Composites react differently to regular machining tools than metals because rather than chipping away at the material you are machining, working with a composite consists of moving through the different layer of the composite that are all different materials. For example, resins often used in the matrix layers tend to break off at the edge, while the reinforcing carbon fibers may be cut or merely fractured. Moreover, just as machining high-temperature alloys requires different tooling, cutting speeds and feed rates than more common metals, each type of composite material requires special consideration before machining.
To use composites in machining in the first place you need specific tools because most composites are extremely abrasive and wear out tools quickly. This calls for an extremely sharp edge to prevent delamination, which also contributes to rapid tool wear. Lastly, the tools and materials tend to heat up because heat isn’t carried away in chips like most pure metals or materials. Heat is another enemy of Tool Life.
Composites Create Considerable Dust and Mess
Typical machining create a reasonable amount of mess from chips but composites in general create a huge amount of dust and mess from only one session of machining a typical composite.
When machining composites, dust extraction is strongly required for the operator’s safety, and for machine maintenance; carbon dust is electrically conductive so it may effect the electrical parts and wear down the spindle at a highly increased rate.
Composites have “Grain” Like Wood
Fiber-wound products are analogous to wood, because both have a grain. The grain is usually formed from the carbon layer of the composite which is more brittle than glass and makes a much more hazardous mess to clean up for a machinist that isn’t familiar with composites. This grain is formed from how the fibers are layered within the composite. The grain direction is important to know when machining a composite that has a specifically grained material. As mentioned, it is usually desirable to machine “with the grain”, in other words, parallel to the fibers.
- What are the two basic technologies for machining composites? (http://www.mmsonline.com/articles/machining-carbon-composites-risky-business)
- How do we choose which one is better?
Two Basic Technologies for Machining Composites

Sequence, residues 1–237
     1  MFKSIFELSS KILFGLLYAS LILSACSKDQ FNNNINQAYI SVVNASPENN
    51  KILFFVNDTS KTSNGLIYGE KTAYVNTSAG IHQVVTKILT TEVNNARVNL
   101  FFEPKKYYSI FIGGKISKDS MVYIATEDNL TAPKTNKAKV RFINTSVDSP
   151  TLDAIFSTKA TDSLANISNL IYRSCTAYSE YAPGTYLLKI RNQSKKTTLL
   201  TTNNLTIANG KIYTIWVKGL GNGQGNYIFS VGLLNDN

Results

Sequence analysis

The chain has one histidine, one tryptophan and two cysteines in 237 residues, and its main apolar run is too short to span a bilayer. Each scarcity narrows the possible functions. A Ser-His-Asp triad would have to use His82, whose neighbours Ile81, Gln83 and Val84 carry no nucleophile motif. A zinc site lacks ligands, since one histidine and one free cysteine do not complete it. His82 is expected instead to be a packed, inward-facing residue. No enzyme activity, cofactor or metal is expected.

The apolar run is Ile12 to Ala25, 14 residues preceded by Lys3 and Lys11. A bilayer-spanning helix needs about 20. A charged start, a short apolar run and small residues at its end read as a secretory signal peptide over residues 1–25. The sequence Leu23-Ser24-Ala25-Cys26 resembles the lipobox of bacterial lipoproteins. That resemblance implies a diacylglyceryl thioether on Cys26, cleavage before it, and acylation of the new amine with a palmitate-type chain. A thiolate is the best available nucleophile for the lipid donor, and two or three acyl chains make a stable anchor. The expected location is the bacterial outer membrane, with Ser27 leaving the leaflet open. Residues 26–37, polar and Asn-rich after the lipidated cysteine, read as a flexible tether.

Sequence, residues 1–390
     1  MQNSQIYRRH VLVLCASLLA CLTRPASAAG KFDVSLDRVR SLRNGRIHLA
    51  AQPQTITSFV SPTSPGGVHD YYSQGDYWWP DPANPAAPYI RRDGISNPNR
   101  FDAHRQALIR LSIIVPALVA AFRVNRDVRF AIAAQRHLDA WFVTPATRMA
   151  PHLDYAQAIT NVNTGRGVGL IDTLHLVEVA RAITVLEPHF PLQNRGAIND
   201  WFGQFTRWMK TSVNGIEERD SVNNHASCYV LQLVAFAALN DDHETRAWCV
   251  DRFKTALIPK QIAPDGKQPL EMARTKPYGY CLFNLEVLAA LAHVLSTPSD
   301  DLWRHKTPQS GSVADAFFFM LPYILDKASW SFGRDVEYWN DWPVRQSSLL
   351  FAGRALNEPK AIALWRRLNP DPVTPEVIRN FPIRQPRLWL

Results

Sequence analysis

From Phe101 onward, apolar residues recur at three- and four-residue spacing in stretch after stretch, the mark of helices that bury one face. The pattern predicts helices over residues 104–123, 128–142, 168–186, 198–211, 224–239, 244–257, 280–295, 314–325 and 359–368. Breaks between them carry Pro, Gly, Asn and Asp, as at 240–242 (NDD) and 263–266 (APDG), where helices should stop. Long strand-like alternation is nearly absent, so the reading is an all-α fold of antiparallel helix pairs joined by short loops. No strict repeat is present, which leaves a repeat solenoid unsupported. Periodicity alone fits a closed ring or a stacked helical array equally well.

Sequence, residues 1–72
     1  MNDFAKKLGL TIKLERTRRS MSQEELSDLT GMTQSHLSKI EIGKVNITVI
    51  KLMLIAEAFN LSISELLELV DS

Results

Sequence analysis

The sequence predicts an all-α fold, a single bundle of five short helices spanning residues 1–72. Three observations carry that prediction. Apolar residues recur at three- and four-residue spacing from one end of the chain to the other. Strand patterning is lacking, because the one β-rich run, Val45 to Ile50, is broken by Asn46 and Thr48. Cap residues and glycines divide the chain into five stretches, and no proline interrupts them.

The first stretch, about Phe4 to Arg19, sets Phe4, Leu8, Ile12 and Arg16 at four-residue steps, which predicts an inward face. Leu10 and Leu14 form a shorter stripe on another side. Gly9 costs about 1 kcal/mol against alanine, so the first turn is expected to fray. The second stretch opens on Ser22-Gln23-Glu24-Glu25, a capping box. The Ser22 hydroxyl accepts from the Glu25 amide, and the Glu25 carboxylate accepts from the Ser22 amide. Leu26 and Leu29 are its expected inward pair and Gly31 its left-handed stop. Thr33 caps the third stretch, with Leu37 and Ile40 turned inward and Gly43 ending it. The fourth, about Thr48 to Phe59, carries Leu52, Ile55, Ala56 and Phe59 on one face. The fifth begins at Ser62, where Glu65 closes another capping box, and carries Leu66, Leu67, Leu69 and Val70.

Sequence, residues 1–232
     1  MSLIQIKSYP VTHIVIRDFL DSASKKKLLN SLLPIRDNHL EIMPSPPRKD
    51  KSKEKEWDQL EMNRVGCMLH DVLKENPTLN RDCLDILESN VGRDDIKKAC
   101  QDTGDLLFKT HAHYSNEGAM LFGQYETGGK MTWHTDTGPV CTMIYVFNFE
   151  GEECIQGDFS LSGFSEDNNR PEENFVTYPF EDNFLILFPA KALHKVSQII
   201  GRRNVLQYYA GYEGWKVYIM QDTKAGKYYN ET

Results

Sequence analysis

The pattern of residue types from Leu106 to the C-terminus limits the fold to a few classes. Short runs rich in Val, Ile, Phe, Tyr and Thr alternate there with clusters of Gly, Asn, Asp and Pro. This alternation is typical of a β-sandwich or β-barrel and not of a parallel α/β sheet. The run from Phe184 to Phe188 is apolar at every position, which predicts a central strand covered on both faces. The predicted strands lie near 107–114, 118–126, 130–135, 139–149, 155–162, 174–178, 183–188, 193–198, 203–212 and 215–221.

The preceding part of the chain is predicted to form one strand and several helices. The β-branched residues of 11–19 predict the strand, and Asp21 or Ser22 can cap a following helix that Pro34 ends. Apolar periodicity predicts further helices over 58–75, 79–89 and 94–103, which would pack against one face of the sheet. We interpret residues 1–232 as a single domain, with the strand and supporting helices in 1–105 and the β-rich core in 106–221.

CNC Machining composites with Datron.
There are two basic technologies to choose from in machining composites: rotary machining and abrasive waterjet machining. Rotary machining employs a cutting tool attached to a high-speed spindle driven by an NC-programmed machining center. The tool has a generally circular but fluted cross-section. The flutes have sharp edges and are typically arranged in a slow spiral configuration, which makes the spaces between the flutes useful for the spinning tool to channel broken material away from the work area.
A water jet being used to cut out a logo at the Automobili Lamborghini Advanced Composite Structures Laboratory
In waterjet machining, a granular silicate or similar material is mixed with water and then emitted at an extremely high pressure(usually around 60,000 to 100,000 psi) moving at around Mach 3(2,200 mph) speeds. It does so without heat generation or dust emission and causes no delamination in the composite, even at a microscopic level. Waterjet systems can be had with 5-axis heads, which enhance manufacturing flexibility and have a built-in probe for measurement work.
Both of these tools are viable options for machining composites, but the choice is completely up to the shop and its manager based solely on the technological requirements for each and the techniques and knowledge needed for each. Dust, mess, heat, tool corrosion, and many other factors will usually decide which tool is best suited for your shop, but both need to be considered when machining composite materials.
Next Installment: Tooling and Machine Considerations for Composites
In our next installment on Milling Composites, we’ll talk about Tooling and Machining Considerations. Make sure you don’t miss out on the future installments by signing up for our Weekly Digest of Blog Posts below.